THE END IS (SURELY) NIGH for Windows Phone and BlackBerry's handset business after new data showed that the two platforms accounted for a paltry 2.3 million sales in Q2 between them.
Gartner reported that Windows Phone’s slide into irrelevancy is almost complete as it slumped from 2.5 per cent of the market in Q2 2015 to 0.6 in 2016, with just 1.9 million phones sold. Low as it is, it shows there are still a few Kevins out there.
BlackBerry fared even worse, selling just 400,000 handsets, giving it just 0.1 per cent of the market. Let's remember, BlackBerry used to be the darling of the phone world. How times change.
BlackBerry continues to issue new phones, although it's not entirely clear why as even if sales doubled, it would amount to only 800,000 handsets, which can hardly be worth the cost of designing, building, selling, marketing and so on. Oh well.
Microsoft has at least seen the folly of its mobile ambitions and all but given up on the market, with job cuts aplenty the unpleasant outcome of this decision.
Meanwhile, at the top it was also a lacklustre period for Apple. Its share of the smartphone market fell from 14.6 per cent in Q2 2015 to 12.9 per cent, as sales declined from 44.395 million iPhones to 48,085 million.
This came despite global smartphone sales rising from 330 million to 344 million. Apple will no doubt hope that the iPhone 7, expected in September, will help the firm to rebound in the market.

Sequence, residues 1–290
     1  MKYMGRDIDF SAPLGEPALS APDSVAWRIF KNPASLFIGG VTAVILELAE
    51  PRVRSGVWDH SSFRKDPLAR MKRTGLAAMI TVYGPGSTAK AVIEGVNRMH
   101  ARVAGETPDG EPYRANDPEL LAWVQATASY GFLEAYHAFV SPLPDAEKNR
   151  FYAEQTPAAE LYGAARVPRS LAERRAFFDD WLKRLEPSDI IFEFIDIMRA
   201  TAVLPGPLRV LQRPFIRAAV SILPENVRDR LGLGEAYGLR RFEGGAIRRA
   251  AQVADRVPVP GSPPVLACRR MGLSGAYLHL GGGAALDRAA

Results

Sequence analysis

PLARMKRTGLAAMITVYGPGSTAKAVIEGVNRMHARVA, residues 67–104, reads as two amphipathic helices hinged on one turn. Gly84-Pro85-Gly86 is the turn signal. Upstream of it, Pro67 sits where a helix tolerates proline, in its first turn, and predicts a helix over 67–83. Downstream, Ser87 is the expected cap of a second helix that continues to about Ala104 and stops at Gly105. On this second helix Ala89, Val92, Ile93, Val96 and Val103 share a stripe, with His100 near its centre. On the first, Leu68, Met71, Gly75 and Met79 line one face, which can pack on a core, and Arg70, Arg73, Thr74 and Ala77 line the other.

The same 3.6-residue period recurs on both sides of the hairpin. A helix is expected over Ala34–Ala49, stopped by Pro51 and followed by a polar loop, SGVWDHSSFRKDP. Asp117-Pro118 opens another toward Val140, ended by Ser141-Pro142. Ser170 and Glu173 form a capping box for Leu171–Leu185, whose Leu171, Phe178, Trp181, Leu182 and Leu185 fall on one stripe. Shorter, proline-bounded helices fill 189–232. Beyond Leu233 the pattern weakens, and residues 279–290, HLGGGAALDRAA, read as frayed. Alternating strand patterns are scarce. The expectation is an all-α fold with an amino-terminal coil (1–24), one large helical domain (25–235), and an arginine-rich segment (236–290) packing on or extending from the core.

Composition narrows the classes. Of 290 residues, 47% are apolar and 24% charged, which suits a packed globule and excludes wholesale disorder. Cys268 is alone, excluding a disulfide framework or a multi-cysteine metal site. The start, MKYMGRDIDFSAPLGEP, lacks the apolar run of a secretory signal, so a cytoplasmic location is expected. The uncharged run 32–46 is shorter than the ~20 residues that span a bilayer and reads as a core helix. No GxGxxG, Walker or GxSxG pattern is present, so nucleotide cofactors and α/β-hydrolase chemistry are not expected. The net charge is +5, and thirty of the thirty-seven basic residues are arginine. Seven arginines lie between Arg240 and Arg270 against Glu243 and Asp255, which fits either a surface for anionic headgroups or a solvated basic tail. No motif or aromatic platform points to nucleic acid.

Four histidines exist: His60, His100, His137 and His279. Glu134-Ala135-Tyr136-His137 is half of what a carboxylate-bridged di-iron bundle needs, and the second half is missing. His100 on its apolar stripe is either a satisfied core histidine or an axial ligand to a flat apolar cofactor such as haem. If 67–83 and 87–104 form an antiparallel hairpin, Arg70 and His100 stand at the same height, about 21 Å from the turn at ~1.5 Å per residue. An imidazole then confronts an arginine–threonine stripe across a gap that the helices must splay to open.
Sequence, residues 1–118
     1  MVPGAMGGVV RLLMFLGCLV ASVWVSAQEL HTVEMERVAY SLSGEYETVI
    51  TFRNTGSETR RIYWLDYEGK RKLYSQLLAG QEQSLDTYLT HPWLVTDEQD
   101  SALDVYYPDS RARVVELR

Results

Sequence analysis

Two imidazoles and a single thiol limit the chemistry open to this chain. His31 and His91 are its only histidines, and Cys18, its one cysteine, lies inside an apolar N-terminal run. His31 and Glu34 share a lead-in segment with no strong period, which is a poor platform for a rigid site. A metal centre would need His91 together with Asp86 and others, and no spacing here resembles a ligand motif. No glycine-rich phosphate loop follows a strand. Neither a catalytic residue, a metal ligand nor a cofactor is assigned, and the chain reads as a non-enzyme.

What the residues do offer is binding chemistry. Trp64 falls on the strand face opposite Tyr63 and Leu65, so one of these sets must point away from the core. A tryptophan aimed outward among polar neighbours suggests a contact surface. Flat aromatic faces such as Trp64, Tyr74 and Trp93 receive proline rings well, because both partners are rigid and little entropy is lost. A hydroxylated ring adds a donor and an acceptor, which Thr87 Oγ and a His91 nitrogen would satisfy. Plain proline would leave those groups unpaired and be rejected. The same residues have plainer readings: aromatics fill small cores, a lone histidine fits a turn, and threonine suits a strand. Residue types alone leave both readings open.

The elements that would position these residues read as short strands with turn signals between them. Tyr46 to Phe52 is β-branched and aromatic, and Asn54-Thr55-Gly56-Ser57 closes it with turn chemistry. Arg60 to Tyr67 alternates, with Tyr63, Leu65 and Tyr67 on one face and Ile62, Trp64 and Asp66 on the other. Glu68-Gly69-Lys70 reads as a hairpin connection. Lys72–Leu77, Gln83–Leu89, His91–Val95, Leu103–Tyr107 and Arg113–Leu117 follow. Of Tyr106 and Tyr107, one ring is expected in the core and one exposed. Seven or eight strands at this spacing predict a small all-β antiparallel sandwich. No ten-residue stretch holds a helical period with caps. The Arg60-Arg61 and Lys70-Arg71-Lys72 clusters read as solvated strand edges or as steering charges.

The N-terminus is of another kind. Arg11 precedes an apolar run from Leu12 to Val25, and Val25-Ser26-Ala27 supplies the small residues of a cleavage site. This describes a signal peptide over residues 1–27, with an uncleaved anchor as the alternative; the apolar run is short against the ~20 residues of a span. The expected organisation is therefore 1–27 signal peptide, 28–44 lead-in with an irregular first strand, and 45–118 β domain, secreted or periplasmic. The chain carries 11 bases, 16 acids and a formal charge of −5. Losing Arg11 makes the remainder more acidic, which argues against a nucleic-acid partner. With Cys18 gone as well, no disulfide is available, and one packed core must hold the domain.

Leading the field is Samsung after selling 76 million smartphones, an increase on 72 million in the same period last year. This gave the company a 22.3 per cent share of the market, a slight increase from 21.8 per cent in the same period last year.
Anshul Gupta, a research director at Gartner, explained that the decline for Apple was down to buyers holding off on new devices as new models are just around the corner.
"Demand for premium smartphones slowed in the second quarter of 2016 as consumers wait for new hardware launches in the second half of the year," he said.
The biggest increase was for little-known firm Oppo, which sold 18 million phones and saw its market share more than double from 2.4 to 5.4 per cent.
"Features such as an anti-shake camera optimised for selfies, and rapid charge technology, helped Oppo carve a niche market for itself and boost sales in a highly competitive and commoditised smartphone market," added Gupta.
The boost for Samsung helped Android to increase its dominance of the market to 86.2 per cent, up from 82.2 per cent in Q2 2015.
Roberta Cozza, a research director at Gartner, said that Google’s ongoing development of Android is helping its ecosystem partners to push boundaries with their phones,
"Google is evolving the Android platform fast, which allows Android players to remain at the cutting edge of smartphone technology," she said.
"Facing a highly commoditised smartphone market, Google's focus is to further expand and diversify the Android platform with additional functionalities, like virtual reality, enabling more intelligent experiences and a reach into wearables, connected home devices, in-car entertainment and TV." µ
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